Everything That Happens On ‘9-1-1: Lonestar’ Is The Result Of A Flaming Burrito

The thing about 9-1-1: Lonestar — the Texas-based, Rob Lowe starring spinoff of the aggressively wild Fox “in the premiere a Los Angeles firefighter chopped the head off of a giant snake with his fire ax” first responder series, 9-1-1 — is that you could start your discussion about its two-hour, two-night premiere almost anywhere.

You could start with the thing where a delivery guy got so fed up with tech bros stiffing him on tips that he poisoned their food with mercury and caused them to go mad and claw their skin off with kitchen utensils and leap through glass-paned walls to their deaths in the atrium of a fancy business center. You could start with Liv Tyler as a line-dancing EMT with a heart of gold who is also trying to solve her sister’s very mysterious murder. You could start with the car accident where a pregnant woman was saved from the wreckage and she promptly asked about the health of her baby, but she meant her other baby, the 10-month-old who was in a car seat in the back and was nowhere to be found and whoooooops the baby flew out of the car and was stuck 20-feet up in a tree, perfectly healthy, because why would you ever do anything less than the most in a Texas-based spinoff of 9-1-1?

I am going to start at the beginning, though. At the very beginning. I am going to tell you about the first 13 minutes of the series premiere and only the first 13 minutes of the series premiere. This feels right to me, both because the beginning is as good a place as any to start and because 9-1-1: Lonestar packed about two seasons of television into the amount of time it takes to make an omelet. It was incredible.

The first thing you need to know is that Rob Lowe starts the series as a Manhattan fire chief who is a nationwide hero after rebuilding his firehouse in the wake of 9/11 and who loves New York City. We know that first thing because other characters say so and we know the second thing because Rob Lowe literally says “I love New York.” Here, look.


Which brings us to the big question? How, exactly, does a 9/11 hero who loves New York end up in Texas? Well, it brings me great pleasure to inform you that the answer to that question — as well as the entire series — starts with this guy, a security guard at a facility in Austin who is so distracted by a University of Texas football game he is watching on his cell phone that he tosses his half-eaten burrito into the break room microwave with the aluminum foil still wrapped around it.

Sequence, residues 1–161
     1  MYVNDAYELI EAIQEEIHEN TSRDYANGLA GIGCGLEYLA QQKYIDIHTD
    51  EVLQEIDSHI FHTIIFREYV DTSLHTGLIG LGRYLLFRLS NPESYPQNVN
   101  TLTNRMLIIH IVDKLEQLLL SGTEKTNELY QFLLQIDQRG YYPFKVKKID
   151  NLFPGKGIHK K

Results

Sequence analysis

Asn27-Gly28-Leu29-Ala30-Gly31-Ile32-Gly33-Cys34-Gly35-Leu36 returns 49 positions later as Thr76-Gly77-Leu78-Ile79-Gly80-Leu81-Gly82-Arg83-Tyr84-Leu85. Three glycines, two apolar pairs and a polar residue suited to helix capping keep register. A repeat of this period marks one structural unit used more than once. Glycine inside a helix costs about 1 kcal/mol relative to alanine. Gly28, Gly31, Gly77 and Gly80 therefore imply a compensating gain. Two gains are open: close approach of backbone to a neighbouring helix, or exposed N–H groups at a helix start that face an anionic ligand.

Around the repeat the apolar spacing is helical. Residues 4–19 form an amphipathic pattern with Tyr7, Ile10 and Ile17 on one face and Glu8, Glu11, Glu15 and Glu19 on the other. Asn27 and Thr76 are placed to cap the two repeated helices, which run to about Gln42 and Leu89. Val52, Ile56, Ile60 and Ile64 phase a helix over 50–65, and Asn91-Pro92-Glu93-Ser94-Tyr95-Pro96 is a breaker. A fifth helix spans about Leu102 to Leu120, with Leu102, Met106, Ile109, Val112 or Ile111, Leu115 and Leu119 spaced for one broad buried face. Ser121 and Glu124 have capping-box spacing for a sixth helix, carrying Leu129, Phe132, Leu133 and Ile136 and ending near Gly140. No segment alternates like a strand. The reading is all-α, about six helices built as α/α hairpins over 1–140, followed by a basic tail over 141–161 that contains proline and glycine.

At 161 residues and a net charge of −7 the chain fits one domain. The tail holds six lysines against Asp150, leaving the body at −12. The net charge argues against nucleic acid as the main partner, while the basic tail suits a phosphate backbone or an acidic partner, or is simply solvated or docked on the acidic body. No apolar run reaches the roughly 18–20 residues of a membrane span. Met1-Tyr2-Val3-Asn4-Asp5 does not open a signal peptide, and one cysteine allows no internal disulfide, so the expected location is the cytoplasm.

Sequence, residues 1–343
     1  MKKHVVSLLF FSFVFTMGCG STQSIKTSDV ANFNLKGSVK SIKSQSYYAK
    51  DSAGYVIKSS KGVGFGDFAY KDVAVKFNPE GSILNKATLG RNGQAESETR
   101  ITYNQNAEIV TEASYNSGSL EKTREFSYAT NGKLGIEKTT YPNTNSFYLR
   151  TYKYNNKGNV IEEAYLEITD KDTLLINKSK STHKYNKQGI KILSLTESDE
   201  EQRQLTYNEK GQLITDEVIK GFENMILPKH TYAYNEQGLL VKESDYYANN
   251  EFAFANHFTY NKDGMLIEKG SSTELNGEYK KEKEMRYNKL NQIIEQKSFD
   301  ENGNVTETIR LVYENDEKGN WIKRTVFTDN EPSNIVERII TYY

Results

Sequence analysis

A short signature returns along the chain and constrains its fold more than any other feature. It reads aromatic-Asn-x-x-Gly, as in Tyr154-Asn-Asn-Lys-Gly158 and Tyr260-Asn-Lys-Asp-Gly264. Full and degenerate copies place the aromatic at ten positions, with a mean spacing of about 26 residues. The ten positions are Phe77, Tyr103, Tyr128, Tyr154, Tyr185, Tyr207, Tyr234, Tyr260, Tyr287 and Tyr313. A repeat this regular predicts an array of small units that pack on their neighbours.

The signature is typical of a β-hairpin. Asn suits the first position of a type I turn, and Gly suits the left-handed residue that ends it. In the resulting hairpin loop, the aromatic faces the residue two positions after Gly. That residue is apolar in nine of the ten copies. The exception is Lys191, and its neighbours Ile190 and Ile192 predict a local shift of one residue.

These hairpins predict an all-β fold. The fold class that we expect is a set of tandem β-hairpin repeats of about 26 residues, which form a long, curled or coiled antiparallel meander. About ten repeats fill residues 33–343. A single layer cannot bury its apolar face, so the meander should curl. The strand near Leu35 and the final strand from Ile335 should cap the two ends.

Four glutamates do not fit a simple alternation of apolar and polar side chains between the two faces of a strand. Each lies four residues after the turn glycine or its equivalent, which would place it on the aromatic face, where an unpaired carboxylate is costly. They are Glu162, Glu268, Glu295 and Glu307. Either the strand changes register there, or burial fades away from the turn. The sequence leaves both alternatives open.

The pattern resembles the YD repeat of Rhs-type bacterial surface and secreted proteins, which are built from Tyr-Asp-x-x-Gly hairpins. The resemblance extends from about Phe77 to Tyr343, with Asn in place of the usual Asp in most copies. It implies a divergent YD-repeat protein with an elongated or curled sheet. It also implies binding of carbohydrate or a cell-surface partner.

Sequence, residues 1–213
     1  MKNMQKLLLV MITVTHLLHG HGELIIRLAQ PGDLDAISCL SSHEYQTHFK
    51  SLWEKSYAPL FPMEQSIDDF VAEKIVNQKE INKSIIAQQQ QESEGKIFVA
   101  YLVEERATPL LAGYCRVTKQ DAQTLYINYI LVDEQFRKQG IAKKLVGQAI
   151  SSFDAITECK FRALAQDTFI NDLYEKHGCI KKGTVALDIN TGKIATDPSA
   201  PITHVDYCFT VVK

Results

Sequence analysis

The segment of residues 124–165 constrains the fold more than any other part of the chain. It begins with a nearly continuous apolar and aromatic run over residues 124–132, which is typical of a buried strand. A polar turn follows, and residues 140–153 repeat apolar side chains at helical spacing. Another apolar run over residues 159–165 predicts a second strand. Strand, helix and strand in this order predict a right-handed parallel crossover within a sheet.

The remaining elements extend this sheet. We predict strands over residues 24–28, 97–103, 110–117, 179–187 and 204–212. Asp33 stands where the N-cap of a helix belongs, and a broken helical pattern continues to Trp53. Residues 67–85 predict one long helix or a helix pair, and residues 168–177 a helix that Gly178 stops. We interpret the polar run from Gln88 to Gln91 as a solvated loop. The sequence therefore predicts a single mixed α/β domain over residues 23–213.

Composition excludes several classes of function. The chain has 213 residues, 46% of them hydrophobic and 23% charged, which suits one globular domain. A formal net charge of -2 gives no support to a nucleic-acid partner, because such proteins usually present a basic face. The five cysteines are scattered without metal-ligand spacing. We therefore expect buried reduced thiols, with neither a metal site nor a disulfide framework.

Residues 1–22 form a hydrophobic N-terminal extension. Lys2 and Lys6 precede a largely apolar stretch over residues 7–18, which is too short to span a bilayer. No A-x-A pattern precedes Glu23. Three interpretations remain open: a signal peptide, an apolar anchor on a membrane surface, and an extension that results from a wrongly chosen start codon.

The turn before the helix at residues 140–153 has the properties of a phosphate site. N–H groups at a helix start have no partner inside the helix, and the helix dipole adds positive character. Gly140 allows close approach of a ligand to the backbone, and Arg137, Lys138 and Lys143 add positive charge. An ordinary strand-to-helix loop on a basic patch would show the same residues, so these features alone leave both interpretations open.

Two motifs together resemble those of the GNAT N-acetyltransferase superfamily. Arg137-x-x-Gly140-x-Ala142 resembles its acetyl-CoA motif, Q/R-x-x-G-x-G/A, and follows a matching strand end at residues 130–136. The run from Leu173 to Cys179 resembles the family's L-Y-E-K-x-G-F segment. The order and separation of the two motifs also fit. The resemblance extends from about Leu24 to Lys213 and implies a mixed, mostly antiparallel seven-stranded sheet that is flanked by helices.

The burrito catches on fire. He panics and flings it into the trash can, which also catches on fire. Then this happens.


So now the whole break room is on fire. He calls it in and the Austin fire department shows up and proceeds to begin the process of fighting the fire, which has started to spread and has now engulfed most of the building. It’s going well, though. The hoses are hosing and the ladders are laddering and everything seems under control, until — and really, who couldn’t have seen this coming? — a second call comes in and reveals that the facility the firefighters are rushing into, the one currently blazing with white-hot burrito flames, the one the fire department has been at for a not-insignificant amount of time, actually produces fertilizer.

“But wait,” you say, wisely, like someone who has a fairly standard understanding of both chemistry and network television,” isn’t fertilizer, like, super flammable and explosive?”

Well… yes.


The explosion kills every member of the on-scene Austin firehouse except for one man. That’s why Rob Lowe — whose character has a name, Captain Owen Strand, but whatever — is asked to come to Texas. Because he rebuilt a firehouse after 9/11, so they hope he can rebuild one after a Texas manure explosion. Sure, fine, of course. But he says no. Again, he loves New York. His mind is changed by a series of things I will now cover in bullet points, and please do remember that we are still inside the first 13 minutes of the first episode. We’re right around minute nine, to be specific. Here’s what happens in the next four minutes:

  • Rob Lowe’s son, himself a firefighter, takes his boyfriend to dinner to propose
  • The boyfriend reveals that he’s leaving Rob Lowe’s son for a SoulCycle instructor
  • Rob Lowe’s son overdoses on painkillers
  • Rob Lowe and his crew break down his son’s door and revive him with Narcan at the last minute
  • Rob Lowe and his son have a heart-to-heart on a roof in which we learn that his son has struggled with opioid addiction in the past
  • Rob Lowe makes the decision that he and his son are moving to Texas for a fresh start
  • Also, and really, shame on me for not mentioning this earlier, Rob Lowe’s character was diagnosed with lung cancer, caused by the effects of working at Ground Zero, way back around minute five

It’s a remarkable feat of television production, honestly. When the show started, Rob Lowe was a healthy and happy New York City fireman with a son who was in a loving relationship with a longtime partner, and the Austin fire department was fully staffed and alive and protecting an area of Texas that included a working fertilizer plant. Less than 15 minutes later, Rob Lowe has cancer and his son relapsed and half a dozen firefighters are dead because of a surprise manure explosion and now he’s in Texas to try to deal with all of that. And it all started, everything, including everything that happens going forward, including Rob Lowe saving a baby that was launched 20 feet into a tree in a car crash, because of one flaming burrito.

I’m so proud of everyone involved.